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Wednesday, 13th June 2007

Why Do House Prices Fall? Perspectives on the Historical Drivers of Large Nominal House Price Declines

Why Do House Prices Fall? Perspectives on the Historical Drivers of Large Nominal House Price Declines (PDF; 657 KB)
Source: Harvard University Joint Center for Housing Studies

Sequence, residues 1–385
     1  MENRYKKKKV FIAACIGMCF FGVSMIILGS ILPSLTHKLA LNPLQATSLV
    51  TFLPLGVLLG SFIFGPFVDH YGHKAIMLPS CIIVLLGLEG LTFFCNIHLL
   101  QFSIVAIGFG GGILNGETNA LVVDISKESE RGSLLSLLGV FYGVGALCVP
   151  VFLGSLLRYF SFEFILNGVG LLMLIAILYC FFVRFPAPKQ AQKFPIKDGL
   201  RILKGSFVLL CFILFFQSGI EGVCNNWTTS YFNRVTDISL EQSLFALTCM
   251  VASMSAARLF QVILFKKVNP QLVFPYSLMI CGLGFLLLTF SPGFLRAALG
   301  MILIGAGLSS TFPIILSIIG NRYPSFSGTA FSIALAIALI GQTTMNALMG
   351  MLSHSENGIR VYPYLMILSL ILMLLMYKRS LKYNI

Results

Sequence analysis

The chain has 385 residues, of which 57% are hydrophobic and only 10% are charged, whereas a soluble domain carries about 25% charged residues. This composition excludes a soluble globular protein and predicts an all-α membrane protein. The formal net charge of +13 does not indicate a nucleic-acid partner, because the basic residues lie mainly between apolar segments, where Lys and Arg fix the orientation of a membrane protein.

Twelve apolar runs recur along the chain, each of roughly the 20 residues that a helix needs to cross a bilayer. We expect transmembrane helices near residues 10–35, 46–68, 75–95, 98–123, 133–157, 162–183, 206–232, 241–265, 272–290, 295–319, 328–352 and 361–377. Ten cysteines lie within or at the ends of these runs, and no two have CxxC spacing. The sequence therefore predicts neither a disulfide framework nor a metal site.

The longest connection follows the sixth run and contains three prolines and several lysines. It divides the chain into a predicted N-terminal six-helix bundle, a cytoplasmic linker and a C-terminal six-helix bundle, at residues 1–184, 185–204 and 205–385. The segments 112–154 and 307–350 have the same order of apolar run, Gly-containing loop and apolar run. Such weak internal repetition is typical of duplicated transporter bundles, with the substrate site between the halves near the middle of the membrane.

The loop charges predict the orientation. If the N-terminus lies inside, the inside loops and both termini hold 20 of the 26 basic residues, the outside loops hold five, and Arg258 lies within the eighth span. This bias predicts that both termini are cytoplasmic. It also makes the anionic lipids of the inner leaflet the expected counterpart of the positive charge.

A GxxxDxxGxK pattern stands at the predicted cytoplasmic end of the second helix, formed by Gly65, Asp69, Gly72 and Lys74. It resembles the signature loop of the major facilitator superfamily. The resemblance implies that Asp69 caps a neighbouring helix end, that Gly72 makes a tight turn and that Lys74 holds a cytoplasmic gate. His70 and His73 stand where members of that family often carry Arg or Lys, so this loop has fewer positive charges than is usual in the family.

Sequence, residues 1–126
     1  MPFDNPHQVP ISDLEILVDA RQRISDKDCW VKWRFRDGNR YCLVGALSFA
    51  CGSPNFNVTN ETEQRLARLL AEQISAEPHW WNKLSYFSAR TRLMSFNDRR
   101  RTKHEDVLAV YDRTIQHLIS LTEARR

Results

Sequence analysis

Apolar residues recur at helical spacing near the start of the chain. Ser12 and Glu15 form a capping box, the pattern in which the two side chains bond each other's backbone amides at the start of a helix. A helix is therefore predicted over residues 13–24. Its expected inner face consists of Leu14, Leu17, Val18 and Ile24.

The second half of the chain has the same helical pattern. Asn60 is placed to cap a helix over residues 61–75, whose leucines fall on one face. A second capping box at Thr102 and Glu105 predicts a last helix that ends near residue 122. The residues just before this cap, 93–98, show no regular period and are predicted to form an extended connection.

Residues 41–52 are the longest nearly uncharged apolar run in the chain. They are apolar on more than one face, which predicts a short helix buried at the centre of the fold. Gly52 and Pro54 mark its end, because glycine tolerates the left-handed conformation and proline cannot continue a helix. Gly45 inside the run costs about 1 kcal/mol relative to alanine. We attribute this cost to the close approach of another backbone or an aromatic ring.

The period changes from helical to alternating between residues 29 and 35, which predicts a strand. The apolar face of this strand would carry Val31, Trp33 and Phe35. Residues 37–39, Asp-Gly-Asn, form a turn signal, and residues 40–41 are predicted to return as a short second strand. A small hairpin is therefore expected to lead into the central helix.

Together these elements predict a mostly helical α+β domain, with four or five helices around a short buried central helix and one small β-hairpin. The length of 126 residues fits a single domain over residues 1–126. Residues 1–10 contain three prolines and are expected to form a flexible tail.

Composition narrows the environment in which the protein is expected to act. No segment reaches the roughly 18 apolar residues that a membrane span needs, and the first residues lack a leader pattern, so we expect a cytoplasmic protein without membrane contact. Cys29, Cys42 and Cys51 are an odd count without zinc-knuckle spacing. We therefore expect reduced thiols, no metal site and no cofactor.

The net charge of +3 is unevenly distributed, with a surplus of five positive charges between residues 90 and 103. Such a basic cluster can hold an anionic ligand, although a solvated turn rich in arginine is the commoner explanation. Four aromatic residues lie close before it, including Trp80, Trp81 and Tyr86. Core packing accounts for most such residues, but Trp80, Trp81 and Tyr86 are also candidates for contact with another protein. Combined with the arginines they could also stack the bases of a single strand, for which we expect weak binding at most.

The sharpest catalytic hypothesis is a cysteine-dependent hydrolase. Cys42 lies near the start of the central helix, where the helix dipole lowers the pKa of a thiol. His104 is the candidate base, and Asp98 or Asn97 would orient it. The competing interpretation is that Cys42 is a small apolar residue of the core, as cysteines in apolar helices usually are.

The primary finding of this paper is that the presence and magnitude of job loss and the presence and magnitude of overbuilding, as measured by a relatively simple proxy, are the crucial determinants of both the probability that a place will experience a price decline and the magnitude of the decline. Interest rates appear to play a relatively minor direct role, though they may play an important indirect role. First, they can be important contributors to economic slowdowns and recessions that slow or turn job growth negative. Second, rising interest rates, by making housing more unaffordable, can slow price appreciation and thereby abruptly reduce speculative demand and the demand for primary and second homes that may have contributed to overbuilding. While there does appear to be a relationship between how much prices go up and whether and by how much they fall, the relationship does not hold in many cases and is difficult to disentangle from the job losses and overbuilding that often occur at about the same time. For example, overheated house prices can contribute to overbuilding by sparking speculative activity and pulling forward primary and second home demand. In addition, overheating is a less robust predictor of elevated price decline probability and magnitude than overbuilding and net job loss.


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